I’ve been pretty open about our hope to have a second baby and how that just isn’t really going according to my plan. We have been trying for nearly three years now and can’t seem to make anything stick. One of the biggest pieces of advice I have received from others who have gone through fertility issues—and the one piece of advice I give now that I am in the thick of it—is don’t wait to go to the doctor.
Making that appointment is one of the hardest steps you will take. Whether it be the fear of the results of the tests, the out-of-control costs, or just a hope that “one more month will do the trick,” it is easy to put off. I told myself for way too long that I was just going to try one more time before I made that appointment.
And then I made three appointments, all of which I rescheduled within that second year of trying. I was afraid of what the doctor would tell me, of being turned away for my weight, and being written off as “not trying hard enough.” I finally went through with keeping an appointment, and it is as if a huge weight has been lifted.
I did a ton of research before going about what to expect and always ended up frustrated at the lack of information out there about the beginning stages of fertility testing and treatment. I wasn’t really prepared for my appointment, which was a huge reason I put it off for so long.
Before You Make Your First Fertility Appointment
I have a wonderful OB who gave me a few referrals for different doctors. If you trust your OBGYN, ask them for any specialists they work with directly. You will be making an appointment with a Reproductive Endocrinologist, most likely within a clinic specializing in fertility treatments.
- Do your research about your doctor. Check reviews, forums, and ask questions over the phone.
- If you are plus-size, check before your appointment if there are any BMI restrictions at the clinic you are interested in going to.
- Ask for initial consultation pricing and if the office takes any kind of insurance. Ask if a free phone consultation is an option before making an in-person appointment.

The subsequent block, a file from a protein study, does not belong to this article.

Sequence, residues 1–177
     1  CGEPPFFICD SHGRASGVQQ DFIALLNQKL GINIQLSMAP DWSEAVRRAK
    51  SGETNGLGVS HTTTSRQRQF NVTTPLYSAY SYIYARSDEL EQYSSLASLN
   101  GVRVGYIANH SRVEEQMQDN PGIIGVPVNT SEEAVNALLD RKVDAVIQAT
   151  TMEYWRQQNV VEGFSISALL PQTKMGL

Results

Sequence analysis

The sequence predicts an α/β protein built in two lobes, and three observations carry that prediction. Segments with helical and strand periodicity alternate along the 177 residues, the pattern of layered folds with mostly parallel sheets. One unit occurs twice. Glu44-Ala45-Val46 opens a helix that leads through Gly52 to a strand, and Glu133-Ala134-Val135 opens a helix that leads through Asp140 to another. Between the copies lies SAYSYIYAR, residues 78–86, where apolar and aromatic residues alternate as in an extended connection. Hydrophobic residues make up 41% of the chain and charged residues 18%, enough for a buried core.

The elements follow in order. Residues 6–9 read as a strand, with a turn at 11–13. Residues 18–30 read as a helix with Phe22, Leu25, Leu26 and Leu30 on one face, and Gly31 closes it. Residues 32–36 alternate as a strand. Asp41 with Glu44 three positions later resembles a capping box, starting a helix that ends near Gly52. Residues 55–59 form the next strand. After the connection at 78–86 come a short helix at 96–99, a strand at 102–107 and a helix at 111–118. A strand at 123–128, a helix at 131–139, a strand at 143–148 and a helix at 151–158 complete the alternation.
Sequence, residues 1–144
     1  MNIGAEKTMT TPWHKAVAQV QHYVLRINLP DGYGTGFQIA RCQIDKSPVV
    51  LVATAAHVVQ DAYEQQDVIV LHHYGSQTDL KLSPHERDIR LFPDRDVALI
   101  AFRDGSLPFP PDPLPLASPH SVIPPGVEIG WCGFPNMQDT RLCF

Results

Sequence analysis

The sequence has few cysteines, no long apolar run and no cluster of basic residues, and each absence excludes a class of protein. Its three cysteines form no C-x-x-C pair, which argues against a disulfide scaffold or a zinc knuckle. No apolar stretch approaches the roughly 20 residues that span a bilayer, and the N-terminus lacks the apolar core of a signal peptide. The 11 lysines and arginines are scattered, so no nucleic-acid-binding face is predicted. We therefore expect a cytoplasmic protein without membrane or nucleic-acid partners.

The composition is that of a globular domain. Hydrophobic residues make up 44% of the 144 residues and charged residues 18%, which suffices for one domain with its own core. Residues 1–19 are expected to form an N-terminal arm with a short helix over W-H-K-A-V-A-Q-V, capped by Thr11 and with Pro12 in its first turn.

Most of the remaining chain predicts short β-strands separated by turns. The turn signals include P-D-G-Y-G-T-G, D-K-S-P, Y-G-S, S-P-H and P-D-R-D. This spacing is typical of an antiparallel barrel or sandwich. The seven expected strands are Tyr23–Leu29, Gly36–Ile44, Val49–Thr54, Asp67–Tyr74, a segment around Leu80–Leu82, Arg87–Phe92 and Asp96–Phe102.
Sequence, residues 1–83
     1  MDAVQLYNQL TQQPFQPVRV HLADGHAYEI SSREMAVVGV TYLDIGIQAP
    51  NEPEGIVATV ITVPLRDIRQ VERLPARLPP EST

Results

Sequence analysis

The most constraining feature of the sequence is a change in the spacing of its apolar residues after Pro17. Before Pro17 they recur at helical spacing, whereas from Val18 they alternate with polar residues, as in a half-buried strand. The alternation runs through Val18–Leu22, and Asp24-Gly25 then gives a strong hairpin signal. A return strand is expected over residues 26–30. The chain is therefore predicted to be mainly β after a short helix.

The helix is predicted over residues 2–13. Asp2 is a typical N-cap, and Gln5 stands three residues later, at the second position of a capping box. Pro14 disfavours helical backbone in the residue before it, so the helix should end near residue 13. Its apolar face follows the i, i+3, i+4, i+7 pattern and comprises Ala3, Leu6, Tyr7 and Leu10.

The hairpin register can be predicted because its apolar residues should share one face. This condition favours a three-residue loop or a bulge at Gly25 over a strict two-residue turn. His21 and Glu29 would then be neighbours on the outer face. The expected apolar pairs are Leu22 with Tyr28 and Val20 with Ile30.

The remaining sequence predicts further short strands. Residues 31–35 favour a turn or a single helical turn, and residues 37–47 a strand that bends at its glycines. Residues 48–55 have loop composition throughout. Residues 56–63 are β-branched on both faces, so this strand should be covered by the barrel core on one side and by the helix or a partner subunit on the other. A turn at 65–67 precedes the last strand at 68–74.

- Call you insurance provider to see if you have any coverage. Often times, diagnosis is covered, so you may be able to get your consult fee for just a copay.
- Track your cycle if you aren’t already—including BBT, cervical mucus, and using ovulation sticks.
- Most likely, your office will ask you to fill out an in-depth questionnaire and health history. If they don’t offer you to do this prior, ask! It will save you a good 20-30 minutes sitting in the waiting room.
What to Expect at Your First Fertility Appointment
I had so much stress and anxiety sitting in that waiting room. I had zero clue what was going to happen, and it made the few days leading up to my appointment really hard. I even considered not going that morning. I don’t understand why there is so much secrecy around it all.
Health History: You will most likely start your visit in your doctor’s office, not an exam room. You will chat through things like your family health history, your current health, and details about your partner. This is when you want to share that you have been charting and know what is going on with your cycle.
Physical Exam: You will do a standard urine sample, breast exam, blood pressure, etc. Depending on your doctor, you will also do a few blood tests, or they will send you out to a lab for that work. You will also most likely have a vaginal exam to check your cervix.
Ultrasound: I was diagnosed with PCOS years ago, but your doctor will want to check your ovaries and uterus to see if there could be any physical issues that are prohibiting you from getting pregnant.
Protocol Suggestion: You won’t have all of your test results back (your partner will also need to do some blood work and a semen analysis) but at this point, your doctor may give you a run-down of what they “expect” to start with. It is rare that anyone is going to need to jump right into IVF, but you could start with a few hormone drugs, a trigger shot, and possible IUI.
Take a deep breath. And another. You made the first move. This is one of the hardest things to do, and it takes a TON of emotional work to get yourself in that doctor’s office.
Make sure you think things over. If you didn’t feel good about your appointment, doctor, pricing, protocol, or anything else, please go and get a second opinion. There are a lot of doctors out there, and with something as sensitive as this, you should feel as comfortable talking to your doctor as you can.
Find a local support group. You might be surprised to find out that your city has a Facebook group for this, or even in-person meetings to chat with others in the same situation. Sometimes, knowing that you are not alone in this journey can be such a comfort.
I hope this post helps even one person who may be in similar shoes as myself. Please don’t wait if you are concerned. Feel free to comment or email me if you need someone to talk to!
This story originally appeared on Maddy Gutierrez’s blog on April 10, 2019.